#1 2012 (34)
The New York Jewish Museum's show last year, "Collecting Matisse and Modern Masters: The Cone Sisters of Baltimore", proved breathtaking. The exhibition displayed only a small part of what has been called "a collection of collections" of exquisite paintings, graphic works, prints, sculpture, furniture, embroidery, rugs, and textiles. But the core of the collection, its pride and glory, is Matisse, whose portraiture, still-lifes, sculpture and landscapes were on view. The exhibition told the fascinating story of the two sisters who, led by a female instinct for buying beautiful and often useless — or at least unnecessary — things, developed a perfect taste for genuine art and became distinguished collectors of 19th- and 20th-century modern European art. "A thing of beauty is a joy forever," wrote the British poet John Keats, and once the Cone sisters had experienced the joy of art, they cherished this sublime feeling throughout their lives.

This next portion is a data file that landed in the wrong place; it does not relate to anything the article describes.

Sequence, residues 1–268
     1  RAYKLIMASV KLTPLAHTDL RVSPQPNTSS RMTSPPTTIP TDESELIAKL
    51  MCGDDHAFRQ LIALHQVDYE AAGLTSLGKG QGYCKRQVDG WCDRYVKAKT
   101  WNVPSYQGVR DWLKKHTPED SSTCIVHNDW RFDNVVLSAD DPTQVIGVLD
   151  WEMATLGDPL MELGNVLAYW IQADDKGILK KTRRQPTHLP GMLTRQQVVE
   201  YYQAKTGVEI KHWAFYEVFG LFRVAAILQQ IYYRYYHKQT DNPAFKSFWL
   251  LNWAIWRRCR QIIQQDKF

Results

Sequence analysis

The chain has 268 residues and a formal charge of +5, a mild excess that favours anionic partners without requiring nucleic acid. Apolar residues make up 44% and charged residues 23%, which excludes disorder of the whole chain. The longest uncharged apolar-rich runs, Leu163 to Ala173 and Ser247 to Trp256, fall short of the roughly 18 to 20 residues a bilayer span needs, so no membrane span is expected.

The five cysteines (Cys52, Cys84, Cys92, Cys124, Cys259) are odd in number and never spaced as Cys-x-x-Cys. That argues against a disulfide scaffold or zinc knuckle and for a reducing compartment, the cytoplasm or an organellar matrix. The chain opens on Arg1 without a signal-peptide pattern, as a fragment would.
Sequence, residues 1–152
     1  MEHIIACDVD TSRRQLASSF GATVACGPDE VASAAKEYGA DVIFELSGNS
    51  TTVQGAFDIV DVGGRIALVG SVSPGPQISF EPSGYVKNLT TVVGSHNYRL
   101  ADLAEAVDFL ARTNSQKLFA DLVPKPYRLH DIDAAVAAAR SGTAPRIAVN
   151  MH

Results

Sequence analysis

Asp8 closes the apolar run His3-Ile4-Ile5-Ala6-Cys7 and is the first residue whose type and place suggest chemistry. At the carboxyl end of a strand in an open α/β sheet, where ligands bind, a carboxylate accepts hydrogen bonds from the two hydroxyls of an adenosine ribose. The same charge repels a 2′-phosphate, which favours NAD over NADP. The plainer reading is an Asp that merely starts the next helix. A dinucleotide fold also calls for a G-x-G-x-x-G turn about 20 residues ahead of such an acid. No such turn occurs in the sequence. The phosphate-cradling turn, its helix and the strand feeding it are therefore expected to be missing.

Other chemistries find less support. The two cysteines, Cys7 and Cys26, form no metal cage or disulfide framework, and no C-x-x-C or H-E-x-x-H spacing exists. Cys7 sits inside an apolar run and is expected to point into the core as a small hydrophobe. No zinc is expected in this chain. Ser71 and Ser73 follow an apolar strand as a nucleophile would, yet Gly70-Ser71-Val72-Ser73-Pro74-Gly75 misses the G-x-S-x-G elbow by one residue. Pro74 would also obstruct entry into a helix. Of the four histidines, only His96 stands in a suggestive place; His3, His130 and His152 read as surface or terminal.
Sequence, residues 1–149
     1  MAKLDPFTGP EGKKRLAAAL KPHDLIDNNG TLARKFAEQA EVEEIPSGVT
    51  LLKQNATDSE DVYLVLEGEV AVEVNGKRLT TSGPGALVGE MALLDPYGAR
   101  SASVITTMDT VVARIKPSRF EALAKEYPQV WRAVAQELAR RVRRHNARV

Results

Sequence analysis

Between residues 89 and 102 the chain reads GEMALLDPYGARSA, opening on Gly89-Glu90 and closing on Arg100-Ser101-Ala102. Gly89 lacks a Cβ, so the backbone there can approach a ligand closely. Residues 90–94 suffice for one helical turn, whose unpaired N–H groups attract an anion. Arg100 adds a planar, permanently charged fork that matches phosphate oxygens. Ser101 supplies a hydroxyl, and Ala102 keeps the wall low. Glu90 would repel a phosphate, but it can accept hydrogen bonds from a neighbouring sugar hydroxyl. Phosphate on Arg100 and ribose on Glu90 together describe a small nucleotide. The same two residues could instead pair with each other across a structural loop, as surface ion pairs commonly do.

THE NEW YORK JEWISH MUSEUM'S SHOW LAST YEAR, "COLLECTING MATISSE AND MODERN MASTERS: THE CONE SISTERS OF BALTIMORE", PROVED BREATHTAKING. THE EXHIBITION DISPLAYED ONLY A SMAH PART OF WHAT HAS BEEN CALLED "A COLLECTION OF COLLECTIONS" OF EXQUISITE PAINTINGS, GRAPHIC WORKS, PRINTS, SCULPTURE, FURNITURE, EMBROIDERY, RUGS, AND TEXTILES. BUT THE CORE OF THE COLLECTION, ITS PRIDE AND GLORY, IS MATISSE, WHOSE PORTRAITURE, STILL-LIFES, SCULPTURE AND LANDSCAPES WERE ON VIEW.